Ericsson to invest additional $50m into 5G factory in Texas – DatacenterDynamics

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Ericsson has this week confirmed it will invest an additional $50 million to expand its four-year-old 5G Smart Factory in Lewisville, Texas.

The investment will enable Ericsson to expand its production of radios and baseband units in the US.

Ericsson said this week that the $50m investment “will further accelerate local production to address the demand for 5G infrastructure made in the USA, compliant with the Build America Buy America Act (BABAA).”

“This 5G Smart Factory ensures we are working closely to secure fast and agile deliveries to meet US customer requirements, and it has been exciting to see the growth and innovation of our state-of-the-art facility in just a few short years,” said Yossi Cohen, president and head of Ericsson North America.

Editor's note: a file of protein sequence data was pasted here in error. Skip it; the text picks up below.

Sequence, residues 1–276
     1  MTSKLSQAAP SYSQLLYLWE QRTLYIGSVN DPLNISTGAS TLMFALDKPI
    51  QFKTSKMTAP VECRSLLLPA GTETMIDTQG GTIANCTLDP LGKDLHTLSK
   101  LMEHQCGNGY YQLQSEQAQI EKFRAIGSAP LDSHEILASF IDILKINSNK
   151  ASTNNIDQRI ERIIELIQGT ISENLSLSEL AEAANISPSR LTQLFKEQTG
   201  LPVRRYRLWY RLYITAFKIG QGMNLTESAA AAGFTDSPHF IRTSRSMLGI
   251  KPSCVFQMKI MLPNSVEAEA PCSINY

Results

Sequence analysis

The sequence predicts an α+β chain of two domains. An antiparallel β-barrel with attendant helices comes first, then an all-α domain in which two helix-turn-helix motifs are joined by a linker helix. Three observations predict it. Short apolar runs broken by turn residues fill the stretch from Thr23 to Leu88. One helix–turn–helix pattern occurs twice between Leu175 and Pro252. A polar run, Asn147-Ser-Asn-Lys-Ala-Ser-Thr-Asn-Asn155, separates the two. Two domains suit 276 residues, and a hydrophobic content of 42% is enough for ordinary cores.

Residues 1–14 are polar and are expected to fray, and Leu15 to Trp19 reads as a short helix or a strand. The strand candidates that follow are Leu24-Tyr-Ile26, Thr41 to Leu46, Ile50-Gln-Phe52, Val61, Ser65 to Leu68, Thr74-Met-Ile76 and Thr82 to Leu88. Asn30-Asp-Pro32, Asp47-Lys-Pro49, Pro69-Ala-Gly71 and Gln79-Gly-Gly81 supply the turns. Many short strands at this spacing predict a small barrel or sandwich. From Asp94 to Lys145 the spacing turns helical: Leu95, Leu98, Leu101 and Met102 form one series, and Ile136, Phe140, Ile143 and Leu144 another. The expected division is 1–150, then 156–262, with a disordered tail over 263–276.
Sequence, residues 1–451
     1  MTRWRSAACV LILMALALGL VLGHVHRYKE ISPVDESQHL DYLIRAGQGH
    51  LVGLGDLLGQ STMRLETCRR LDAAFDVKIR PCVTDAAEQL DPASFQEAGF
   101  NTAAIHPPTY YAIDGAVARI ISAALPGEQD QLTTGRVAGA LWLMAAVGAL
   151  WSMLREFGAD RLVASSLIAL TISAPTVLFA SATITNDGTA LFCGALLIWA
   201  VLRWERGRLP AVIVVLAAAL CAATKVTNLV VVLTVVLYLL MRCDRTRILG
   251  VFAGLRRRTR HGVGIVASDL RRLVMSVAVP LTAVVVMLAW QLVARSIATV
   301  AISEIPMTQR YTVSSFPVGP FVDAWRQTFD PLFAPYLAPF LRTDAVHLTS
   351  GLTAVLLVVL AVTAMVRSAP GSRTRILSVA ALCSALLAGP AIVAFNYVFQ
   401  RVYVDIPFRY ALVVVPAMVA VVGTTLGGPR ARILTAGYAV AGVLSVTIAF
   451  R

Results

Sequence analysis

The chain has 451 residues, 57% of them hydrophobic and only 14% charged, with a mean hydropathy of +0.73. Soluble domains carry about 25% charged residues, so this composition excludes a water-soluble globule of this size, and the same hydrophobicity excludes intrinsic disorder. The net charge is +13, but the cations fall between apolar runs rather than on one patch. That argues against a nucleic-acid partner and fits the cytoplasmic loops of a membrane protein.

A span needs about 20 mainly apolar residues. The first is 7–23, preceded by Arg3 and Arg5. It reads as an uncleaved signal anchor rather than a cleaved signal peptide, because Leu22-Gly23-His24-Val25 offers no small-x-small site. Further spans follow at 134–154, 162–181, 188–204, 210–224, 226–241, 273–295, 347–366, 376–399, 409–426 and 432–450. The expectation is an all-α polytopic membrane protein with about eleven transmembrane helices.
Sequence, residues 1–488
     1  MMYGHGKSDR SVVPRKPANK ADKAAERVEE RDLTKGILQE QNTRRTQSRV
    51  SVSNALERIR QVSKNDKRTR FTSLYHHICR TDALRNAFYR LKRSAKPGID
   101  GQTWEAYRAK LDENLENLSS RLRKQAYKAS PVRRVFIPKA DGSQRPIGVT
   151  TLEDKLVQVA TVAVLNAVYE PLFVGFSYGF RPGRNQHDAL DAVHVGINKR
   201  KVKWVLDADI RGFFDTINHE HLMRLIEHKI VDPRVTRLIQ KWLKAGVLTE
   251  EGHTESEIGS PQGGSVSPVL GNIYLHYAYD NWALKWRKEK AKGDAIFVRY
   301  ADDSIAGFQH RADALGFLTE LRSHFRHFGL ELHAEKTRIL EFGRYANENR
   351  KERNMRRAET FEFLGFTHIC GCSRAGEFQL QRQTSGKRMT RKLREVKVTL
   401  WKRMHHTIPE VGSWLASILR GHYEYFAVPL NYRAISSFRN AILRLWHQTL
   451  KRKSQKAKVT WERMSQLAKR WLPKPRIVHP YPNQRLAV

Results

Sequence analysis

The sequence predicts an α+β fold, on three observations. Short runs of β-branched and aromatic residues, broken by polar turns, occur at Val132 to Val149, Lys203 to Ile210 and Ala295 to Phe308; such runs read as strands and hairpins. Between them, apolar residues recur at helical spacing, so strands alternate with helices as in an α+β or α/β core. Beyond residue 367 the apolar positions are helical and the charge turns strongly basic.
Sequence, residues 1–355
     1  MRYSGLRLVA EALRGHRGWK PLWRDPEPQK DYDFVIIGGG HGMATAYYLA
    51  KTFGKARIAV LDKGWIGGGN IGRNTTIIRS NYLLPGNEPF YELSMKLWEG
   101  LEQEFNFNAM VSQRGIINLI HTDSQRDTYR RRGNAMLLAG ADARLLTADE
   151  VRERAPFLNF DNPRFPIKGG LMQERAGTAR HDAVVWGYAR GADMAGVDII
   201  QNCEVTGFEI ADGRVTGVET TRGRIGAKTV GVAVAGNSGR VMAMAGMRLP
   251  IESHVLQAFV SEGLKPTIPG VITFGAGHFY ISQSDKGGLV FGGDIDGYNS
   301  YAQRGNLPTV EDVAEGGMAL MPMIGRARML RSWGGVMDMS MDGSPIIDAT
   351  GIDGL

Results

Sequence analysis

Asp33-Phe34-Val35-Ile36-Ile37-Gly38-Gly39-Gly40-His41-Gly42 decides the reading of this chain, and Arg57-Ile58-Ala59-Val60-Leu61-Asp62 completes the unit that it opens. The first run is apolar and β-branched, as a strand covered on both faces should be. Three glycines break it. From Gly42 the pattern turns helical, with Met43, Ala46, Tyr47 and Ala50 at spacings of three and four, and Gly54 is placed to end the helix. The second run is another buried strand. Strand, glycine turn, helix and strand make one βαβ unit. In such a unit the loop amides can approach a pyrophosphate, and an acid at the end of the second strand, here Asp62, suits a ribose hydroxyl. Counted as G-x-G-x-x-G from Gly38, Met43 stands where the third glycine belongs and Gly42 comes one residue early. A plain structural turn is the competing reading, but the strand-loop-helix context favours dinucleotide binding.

“With this expansion, we can accelerate the production of Ericsson’s advanced Massive MIMO radios and our latest RAN Compute platform, all proudly made in the USA, addressing the evolving demands of our US customers and reinforcing our commitment to technological leadership.”

The vendor opened the 300,000-square-foot Texas 5G Smart Factory just before the Covid-19 pandemic, with an initial investment of $100m.

More than 500 people work at the automated factory, where Ericsson has carried out several 5G deployments and has been shipping 5G network products, including 5G and Massive MIMO radios, to all tier-one communications service providers in the US.

Ericsson’s commitment to investing in further Open RAN hardware follows the $14 billion contract it signed in December to build AT&T’s Open RAN network.

The US has sought to develop open radio units, which are built in the US or with its global allies and partners, and not vendors from nations it deems to be a security risk.

Open RAN promotes a new breed of telecoms kit that allows providers to ‘mix and match’ solutions from multiple vendors, which is impossible with proprietary network equipment.

Telcos are expected to invest more than $30 billion in Open RAN by the end of the decade, according to analyst firm Counterpoint Research.

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